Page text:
ROME -- Popes, like musical composers, tend to weave certain major and minor themes throughout their body of work. If you want to know which compositions they regard as turning points, therefore, look for the ones where they step outside their own skin -- breaking with the instincts of a lifetime in order to accomplish something new.
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"International adoptions changing face, identity of American Judaism," said the headline on a Religion News Service article last week. The same could be said of most churches in America these days. When I visit other churches with our Vietnamese-born son and Chinese-born daughter, we almost always spot another family formed by transracial adoption.
The RNS story pointed out that for a religion for which ancestry is so important, Judaism is very accepting of internationally adopted children. "Judaism is a religion, not a race, and we are enriched by the diversity these kids bring," one cantor is quoted as saying.
John Kerry, the former Senator and Vietnam survivor of severe wounds, was hosting a panel on CSPAN the other day on how militarism has dominated our foreign policy since World War II.
Vietnam. Iraq/Iran. Iraq. Afghanistan. All were cited in an assault on JFK's (and to an extent Obama's) notion of America as the world's cop. Still, a trace of American exceptionalism crept in. It probably can't be helped, ingrained as it is so deeply in our bones.
It came by way of Indiana Sen. Evan Bayh. He talked about Iran. If Iranians have The Bomb, was deterrence possible? Not if they're rational, he replied in a round about way.
The implication seemed to be that deterrence based on reasonable calculation had prevented war between the U.S. and the USSR. That's basically true.
By Adelle M. Banks
WASHINGTON (RNS) The newly launched Conference of National Black Churches criticized Congress on Thursday (Dec. 9) for linking extension of unemployment benefits to tax cuts for the wealthy.
“Based on our prophetic responsibility to speak to those in power on behalf of the poor, underserved, and vulnerable, we find it utterly shameful that those who insisted that the deficit be reduced, now celebrate billions of dollars being added to the deficit as tax cuts for the wealthy,” wrote the Rev. W. Franklyn Richardson, chairman of the umbrella group of nine historically black denominations.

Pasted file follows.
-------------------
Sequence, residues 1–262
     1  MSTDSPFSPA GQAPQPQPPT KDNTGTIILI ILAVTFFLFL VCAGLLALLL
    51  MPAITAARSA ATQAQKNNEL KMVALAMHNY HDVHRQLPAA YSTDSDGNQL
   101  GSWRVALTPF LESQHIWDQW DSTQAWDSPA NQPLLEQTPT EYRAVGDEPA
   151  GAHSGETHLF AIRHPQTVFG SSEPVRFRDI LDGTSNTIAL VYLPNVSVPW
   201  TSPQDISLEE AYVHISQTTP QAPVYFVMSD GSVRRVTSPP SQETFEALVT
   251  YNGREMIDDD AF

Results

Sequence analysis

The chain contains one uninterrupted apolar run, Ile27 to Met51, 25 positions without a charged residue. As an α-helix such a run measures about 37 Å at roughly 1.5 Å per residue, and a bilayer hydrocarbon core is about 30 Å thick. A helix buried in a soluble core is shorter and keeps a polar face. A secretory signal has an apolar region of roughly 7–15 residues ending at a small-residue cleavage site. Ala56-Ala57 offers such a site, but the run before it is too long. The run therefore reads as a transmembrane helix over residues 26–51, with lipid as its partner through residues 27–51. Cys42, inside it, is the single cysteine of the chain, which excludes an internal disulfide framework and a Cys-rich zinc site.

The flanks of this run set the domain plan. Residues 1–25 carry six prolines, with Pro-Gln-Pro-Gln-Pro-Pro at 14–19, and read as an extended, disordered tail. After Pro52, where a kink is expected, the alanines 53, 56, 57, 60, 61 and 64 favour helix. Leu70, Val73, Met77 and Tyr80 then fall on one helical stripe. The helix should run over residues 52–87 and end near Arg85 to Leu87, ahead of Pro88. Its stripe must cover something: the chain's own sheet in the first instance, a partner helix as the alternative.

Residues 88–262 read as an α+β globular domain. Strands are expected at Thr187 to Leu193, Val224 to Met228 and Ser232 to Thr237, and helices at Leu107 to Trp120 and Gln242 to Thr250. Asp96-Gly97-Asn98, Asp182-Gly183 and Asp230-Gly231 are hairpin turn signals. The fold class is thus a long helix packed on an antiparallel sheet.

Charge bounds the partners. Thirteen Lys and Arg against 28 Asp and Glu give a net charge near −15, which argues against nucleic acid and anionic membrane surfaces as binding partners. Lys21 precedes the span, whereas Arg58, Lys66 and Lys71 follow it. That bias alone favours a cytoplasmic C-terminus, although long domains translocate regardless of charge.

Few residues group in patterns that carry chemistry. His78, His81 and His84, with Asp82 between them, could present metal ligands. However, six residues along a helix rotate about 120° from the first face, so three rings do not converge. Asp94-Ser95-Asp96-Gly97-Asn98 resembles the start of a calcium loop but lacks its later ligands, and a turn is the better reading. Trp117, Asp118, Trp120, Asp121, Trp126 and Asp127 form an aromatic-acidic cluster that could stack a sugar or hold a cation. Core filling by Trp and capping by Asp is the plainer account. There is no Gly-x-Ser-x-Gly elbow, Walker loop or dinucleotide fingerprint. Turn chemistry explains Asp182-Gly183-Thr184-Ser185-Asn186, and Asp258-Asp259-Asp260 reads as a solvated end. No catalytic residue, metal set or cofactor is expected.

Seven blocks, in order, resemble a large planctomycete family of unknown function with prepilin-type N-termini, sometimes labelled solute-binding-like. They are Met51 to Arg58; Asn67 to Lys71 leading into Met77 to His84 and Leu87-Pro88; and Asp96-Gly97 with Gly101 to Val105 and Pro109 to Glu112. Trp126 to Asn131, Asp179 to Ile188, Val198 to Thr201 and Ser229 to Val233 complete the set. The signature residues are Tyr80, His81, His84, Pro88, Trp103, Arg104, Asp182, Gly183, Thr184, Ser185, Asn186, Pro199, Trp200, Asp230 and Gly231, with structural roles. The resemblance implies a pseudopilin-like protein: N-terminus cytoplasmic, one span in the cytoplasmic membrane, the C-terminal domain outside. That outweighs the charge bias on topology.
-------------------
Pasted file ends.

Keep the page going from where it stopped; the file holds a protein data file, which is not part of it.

The letter called on President Obama and Congress to endorse “an extension of unemployment insurance without conditions.”
The group issued the letter as 300 of its leaders met in Washington to restart the work begun by the now-defunct Congress of National Black Churches, which helped rebuild Southern black churches destroyed in a spate of arsons in the 1990s.
Yesterday was December 12, the feast of Our Lady of Guadalupe. Millions of Mexicans and other Latinos celebrate this special day to honor the Mexican image of Mary, our Holy Mother.
As Mexicans and other Latinos will become very soon the majority of U.S. Catholics, the celebration of this feast day along with other Latino Catholic traditions will become even more manifest.
From New York's Newsday:
Beaumont, who was born in Hempstead and grew up in Commack, has spent the last 20 years as a Franciscan missionary in one of the most dangerous and violent areas of the world. On this day last April, he had to make a split-second decision.
"I was saying to myself, 'Well, now either I'm really going to be a missionary and be prepared to give my life for the people, or run and hide,'" Beaumont recalled in a telephone interview. "I felt it was a pivotal moment in my life. When I walked out to them [the masked men], I realized that the last thing I might see would be the bullets coming at me.
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By JOHN L. ALLEN JR.
tSpotting contenders for the papacy and choosing a Quiz Bowl team are obviously very different things, but more and more they have one thing in common: Cardinal Gianfranco Ravasi, President of the Vatican’s Pontifical Council for Culture, looks like a plausible candidate to make both cuts.
tCertainly there’s never been any doubt about the intellectual chops of the 68-year-old Italian prelate, whom Pope Benedict XVI recently inducted into the College of Cardinals during a Nov. 20 consistory. Whenever Ravasi appears in public, he coughs up literary allusions the way two-pack-a-day smokers do phlegm – regularly, and without thinking about it.
Even the best scientific surveys usually produce "findings" rather than "facts"; that is, they take a picture of a flock of geese whose formation wasn't the same just before and won't be just after.
The picture may also be taken through a blurry or distorted lens so as to make it appear that the number of geese is larger or smaller than it actually is.
I'm thinking of how Gallup indirectly sustained a fiction about America's average church attendance for many decades. From the 1960s onwward the figure hovered in the 40-45 percent range, despite everyday impressions that the figure was too high.
Then an enterprising team at Purdue University tackled the question by measuring actual attendance within a region and extrapolating from that. Their results were around 25 percent which seemed to make greater sense. Their research has since been corroborated.
So with both appreciation for what competent surveying can helfpfully deliver and a degree of wariness about becoming too fixed on particular outcomes, I call attention two two findings that related to the working class.